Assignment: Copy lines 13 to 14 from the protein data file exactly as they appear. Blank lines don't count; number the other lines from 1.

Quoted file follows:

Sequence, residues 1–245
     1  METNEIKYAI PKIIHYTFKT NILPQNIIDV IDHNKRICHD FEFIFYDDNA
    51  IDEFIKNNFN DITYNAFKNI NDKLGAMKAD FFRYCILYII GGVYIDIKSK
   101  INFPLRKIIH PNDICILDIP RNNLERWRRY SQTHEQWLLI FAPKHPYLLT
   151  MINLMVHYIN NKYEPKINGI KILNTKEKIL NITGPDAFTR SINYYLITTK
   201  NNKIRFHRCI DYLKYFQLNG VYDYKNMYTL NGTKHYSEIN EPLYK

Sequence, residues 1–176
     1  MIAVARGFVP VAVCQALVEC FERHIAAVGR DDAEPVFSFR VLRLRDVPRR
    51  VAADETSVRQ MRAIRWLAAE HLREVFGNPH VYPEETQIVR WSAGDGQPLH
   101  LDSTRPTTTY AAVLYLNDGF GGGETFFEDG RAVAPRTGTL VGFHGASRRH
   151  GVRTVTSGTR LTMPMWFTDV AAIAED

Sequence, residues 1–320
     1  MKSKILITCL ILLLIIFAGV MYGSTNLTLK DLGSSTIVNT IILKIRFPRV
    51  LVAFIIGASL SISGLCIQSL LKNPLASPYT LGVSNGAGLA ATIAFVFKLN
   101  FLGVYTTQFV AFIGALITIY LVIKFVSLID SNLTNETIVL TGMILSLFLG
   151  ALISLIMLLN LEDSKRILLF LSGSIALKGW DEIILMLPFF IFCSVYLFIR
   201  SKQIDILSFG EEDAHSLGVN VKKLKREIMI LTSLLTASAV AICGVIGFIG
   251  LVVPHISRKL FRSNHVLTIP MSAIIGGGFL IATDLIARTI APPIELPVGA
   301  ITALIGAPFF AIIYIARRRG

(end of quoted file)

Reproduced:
     1  MKSKILITCL ILLLIIFAGV MYGSTNLTLK DLGSSTIVNT IILKIRFPRV
    51  LVAFIIGASL SISGLCIQSL LKNPLASPYT LGVSNGAGLA ATIAFVFKLN